CARDSTON – With the exception of a small part of Southern Alberta, Prohibition ended across Alberta in 1923 and that remained the case until the provincial government passed Bill 2, the Gaming, Liquor and Cannabis Amendment Act on June 17, 2020.
The Bill had the effect of putting the onus on municipalities to prohibit the sale of alcohol within their jurisdictions if they chose to do so. It is a province-wide requirement that an individual or commercial entity having an interest in establishing a liquor sales outlet must make an application directly to the Alberta Gaming and Liquor Commission (AGLC) for a license.
Based on the results of a Plebiscite held in October 2014, and given the assumption that the town’s demographics have not appreciably changed since then, it seems fairly easy to determine the current mood of the electorate.
That Plebiscite asked residents two very specific questions. They were:
Are you in favour of alcohol sales within the Town of Cardston?
If the province would amend legislation to allow limited access in our area, are you in favour of restaurants and/or recreation facilities within the town of Cardston selling alcohol?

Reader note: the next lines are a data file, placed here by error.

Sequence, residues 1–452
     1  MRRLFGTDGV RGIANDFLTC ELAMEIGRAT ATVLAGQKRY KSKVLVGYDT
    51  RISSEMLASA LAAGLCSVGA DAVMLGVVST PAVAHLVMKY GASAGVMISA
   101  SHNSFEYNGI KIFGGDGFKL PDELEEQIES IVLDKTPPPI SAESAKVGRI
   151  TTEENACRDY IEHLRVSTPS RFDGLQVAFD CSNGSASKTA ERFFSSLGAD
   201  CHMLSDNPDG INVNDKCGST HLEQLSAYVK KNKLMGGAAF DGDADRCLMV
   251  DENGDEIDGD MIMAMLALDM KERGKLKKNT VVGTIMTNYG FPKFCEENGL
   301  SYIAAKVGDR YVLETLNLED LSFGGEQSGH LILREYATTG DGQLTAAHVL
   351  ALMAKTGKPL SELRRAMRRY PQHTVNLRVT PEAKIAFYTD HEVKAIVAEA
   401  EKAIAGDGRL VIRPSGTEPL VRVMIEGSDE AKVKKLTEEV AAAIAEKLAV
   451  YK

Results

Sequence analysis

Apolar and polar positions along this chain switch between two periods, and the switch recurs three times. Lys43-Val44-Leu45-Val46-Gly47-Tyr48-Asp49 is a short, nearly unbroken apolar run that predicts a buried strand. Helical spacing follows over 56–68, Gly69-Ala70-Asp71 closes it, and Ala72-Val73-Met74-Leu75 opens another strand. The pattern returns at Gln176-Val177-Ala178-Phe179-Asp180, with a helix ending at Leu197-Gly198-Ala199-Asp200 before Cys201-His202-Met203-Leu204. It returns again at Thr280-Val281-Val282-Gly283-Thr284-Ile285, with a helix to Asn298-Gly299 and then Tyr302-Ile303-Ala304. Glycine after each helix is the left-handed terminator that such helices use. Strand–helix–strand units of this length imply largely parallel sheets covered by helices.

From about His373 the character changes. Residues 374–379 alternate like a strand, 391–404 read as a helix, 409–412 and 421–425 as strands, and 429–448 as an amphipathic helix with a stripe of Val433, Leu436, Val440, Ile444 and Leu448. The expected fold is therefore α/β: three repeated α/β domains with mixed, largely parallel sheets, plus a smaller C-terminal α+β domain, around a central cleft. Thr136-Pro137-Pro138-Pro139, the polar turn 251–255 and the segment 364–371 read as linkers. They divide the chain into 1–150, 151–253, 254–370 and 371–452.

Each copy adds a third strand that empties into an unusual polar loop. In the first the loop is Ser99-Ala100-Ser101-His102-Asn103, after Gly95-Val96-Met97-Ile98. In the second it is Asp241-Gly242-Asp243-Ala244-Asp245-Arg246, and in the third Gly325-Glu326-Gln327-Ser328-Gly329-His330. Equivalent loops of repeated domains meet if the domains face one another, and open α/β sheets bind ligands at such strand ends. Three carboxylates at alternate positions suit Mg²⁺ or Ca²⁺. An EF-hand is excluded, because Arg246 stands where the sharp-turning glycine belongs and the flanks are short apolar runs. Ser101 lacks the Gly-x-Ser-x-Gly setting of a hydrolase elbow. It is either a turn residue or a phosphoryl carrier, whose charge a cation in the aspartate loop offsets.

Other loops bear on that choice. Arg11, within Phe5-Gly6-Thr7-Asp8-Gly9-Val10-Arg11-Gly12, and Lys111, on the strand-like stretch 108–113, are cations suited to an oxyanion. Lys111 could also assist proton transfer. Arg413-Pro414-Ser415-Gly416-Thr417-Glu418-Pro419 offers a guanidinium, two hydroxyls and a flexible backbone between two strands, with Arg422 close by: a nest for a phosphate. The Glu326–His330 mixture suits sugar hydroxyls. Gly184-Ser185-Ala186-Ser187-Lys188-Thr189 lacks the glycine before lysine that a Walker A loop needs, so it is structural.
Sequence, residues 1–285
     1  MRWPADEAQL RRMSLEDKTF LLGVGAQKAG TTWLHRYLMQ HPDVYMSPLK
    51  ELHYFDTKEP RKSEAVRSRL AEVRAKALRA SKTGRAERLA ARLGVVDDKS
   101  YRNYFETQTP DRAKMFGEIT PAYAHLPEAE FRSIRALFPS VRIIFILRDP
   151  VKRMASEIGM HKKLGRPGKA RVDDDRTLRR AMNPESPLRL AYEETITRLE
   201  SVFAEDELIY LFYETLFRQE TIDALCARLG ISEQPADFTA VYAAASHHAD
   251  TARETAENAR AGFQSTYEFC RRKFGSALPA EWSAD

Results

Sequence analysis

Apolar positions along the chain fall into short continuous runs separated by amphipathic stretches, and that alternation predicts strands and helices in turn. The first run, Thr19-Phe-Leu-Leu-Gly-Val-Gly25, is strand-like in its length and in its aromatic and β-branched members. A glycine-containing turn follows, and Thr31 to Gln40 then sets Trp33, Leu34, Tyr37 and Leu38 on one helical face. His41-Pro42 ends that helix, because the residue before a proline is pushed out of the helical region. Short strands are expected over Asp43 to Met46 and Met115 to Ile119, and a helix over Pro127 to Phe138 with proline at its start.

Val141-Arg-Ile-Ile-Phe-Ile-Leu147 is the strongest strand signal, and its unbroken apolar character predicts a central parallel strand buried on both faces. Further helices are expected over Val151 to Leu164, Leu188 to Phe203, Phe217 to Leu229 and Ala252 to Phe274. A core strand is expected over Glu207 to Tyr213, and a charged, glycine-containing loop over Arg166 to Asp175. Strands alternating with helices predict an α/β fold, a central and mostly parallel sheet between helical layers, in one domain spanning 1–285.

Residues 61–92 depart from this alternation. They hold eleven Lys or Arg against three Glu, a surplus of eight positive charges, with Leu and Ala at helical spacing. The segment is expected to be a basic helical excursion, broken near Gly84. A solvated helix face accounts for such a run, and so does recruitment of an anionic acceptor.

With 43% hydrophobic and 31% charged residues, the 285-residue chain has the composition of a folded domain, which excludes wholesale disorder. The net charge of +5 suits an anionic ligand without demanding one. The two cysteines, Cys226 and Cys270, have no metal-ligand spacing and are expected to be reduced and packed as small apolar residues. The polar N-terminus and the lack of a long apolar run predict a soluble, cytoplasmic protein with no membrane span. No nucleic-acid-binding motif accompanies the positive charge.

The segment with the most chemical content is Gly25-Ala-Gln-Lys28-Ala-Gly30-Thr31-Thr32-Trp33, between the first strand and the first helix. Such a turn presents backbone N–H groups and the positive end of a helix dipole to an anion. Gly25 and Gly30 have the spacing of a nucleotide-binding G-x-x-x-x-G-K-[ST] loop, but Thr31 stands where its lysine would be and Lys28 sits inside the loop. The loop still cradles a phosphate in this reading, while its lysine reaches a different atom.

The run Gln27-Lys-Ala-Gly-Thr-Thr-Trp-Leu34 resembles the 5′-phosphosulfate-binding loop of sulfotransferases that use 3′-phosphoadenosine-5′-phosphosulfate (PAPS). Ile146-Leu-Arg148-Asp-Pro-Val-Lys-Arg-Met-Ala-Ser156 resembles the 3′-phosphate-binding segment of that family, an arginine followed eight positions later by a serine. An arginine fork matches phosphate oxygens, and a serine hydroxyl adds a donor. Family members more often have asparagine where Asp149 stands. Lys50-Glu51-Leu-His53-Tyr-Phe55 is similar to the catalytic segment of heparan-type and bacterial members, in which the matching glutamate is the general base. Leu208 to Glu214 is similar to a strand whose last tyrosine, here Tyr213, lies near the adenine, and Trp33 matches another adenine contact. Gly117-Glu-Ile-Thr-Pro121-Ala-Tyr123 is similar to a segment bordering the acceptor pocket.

To both questions the responses were resounding “No’s.” With respect to the first, the nays were 1,089 and to the second, 956. The corresponding responses in favour were 347 and 456 respectively.
Recently, the town was advised that an application for a license to sell alcohol had been received by the AGLC. As a consequence, Council acted promptly and passed a motion to reject the application.
The effect of that action is to ensure that the sale of liquor is prohibited in the Town of Cardston for the next three years. Should an individual or organization wish to serve alcohol at a special event, they will be required to apply for a time-specific “special event” license.
By William Hill, Local Journalism Initiative Reporter/Temple City Star